Hummingbirds eat while hovering on
the wing. They like nectar and tiny insects from bright, tube-shaped blossoms and bright
flowers with deep throats. And while hummingbird feeders on the porch and near the window
are nice for bringing the little birds up close, watching them hover around the garden,
darting from vine to vine and flower to flower, has a special charm, too.
One of the best annual vines to attract hummingbirds is the
Cardinal Climber (Ipomea x multifida). Another is the scarlet runner bean. In upright
plants, any of the red salvias appeal to hummingbirds, as do the bright cleome or spider
flower and the sprawling nasturtium.
Among the easy-to-grow perennials, try lobelia, ornamental
oregano and monarda (bee balm). Honeysuckle, which often grows wild, also attracts
hummingbirds but the wild kind tends to take over everything else you've planted, so ask
at your Growise Center about one of the red-and-cream cultivated varieties that behaves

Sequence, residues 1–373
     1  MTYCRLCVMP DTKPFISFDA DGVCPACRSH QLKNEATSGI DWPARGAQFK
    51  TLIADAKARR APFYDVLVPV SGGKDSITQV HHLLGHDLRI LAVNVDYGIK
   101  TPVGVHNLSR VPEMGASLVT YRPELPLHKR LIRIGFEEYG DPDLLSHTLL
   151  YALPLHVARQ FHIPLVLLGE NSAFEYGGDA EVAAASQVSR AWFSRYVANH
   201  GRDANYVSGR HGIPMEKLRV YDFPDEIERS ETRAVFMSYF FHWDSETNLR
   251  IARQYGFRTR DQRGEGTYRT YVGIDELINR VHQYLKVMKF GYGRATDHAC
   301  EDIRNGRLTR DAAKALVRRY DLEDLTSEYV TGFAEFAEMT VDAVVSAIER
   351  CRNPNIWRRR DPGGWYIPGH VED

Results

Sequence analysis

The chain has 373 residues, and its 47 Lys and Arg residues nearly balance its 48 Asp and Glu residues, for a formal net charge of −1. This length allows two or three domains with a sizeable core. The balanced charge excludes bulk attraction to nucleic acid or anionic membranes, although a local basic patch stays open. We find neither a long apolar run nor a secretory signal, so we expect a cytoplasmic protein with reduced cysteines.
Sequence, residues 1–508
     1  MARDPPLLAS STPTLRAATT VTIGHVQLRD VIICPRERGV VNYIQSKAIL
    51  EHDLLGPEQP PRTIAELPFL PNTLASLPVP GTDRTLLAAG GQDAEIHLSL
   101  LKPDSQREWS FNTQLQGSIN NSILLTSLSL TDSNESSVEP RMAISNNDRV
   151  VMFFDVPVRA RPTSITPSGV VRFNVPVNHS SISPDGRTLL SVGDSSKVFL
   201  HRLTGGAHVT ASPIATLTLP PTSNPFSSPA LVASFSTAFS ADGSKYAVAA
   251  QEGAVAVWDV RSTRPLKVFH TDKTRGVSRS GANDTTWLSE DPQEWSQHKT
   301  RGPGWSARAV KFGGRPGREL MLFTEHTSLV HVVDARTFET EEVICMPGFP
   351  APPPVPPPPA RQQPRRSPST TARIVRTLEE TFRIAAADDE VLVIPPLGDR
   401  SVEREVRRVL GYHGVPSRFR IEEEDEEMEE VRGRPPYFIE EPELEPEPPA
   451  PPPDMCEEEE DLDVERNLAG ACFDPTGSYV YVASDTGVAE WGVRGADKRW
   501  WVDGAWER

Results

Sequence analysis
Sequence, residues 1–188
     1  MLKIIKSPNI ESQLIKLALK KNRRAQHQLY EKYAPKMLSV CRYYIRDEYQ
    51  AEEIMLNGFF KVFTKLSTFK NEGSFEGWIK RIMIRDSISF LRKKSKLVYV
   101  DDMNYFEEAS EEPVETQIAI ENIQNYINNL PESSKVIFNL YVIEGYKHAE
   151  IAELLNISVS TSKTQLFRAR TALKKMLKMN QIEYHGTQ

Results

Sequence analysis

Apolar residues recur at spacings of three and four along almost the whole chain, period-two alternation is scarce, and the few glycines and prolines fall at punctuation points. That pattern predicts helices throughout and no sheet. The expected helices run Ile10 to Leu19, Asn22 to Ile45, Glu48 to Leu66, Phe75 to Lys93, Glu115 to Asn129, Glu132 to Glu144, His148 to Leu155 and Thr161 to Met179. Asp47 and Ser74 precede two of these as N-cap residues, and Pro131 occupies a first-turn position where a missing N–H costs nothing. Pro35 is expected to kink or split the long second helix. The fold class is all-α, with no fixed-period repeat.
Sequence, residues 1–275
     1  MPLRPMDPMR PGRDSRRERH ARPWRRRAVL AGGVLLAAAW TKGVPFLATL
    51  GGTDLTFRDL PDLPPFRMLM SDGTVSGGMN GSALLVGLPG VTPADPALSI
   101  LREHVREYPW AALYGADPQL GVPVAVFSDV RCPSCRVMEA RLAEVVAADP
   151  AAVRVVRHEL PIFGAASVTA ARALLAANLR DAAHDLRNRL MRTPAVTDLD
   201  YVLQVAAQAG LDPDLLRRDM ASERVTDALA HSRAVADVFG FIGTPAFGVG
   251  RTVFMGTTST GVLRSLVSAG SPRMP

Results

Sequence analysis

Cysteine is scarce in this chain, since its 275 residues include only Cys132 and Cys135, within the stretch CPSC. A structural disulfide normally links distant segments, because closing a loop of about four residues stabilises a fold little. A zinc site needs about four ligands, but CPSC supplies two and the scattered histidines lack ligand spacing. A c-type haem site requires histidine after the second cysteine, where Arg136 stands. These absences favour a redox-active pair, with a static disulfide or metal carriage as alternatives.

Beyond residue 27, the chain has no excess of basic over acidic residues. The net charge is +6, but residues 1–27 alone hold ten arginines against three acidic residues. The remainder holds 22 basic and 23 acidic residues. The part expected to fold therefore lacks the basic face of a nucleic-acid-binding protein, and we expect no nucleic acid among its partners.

more moderately. An earlier blooming perennial, columbine, will offer food for
hummingbirds before some of the summer's later flowers are in full production.
In dry climates Zauschneria, often known as California fuchsia,
is a pretty flower that grows about one foot tall, and has bright red flowers. Your
Growise Center experts can tell you which plants will do best in your region.
If you mix some plants that attract butterflies in with these
flowers, you'll see that sometimes hummingbirds actually share feeding ground with
butterflies. Try especially any of the tall growing phlox in brighter colors and the
cultivated forms of Joe Pye Weed.
In addition to plants that grow in the landscape, add a few
flowering-hanging baskets to broaden the hummingbird smorgasbord.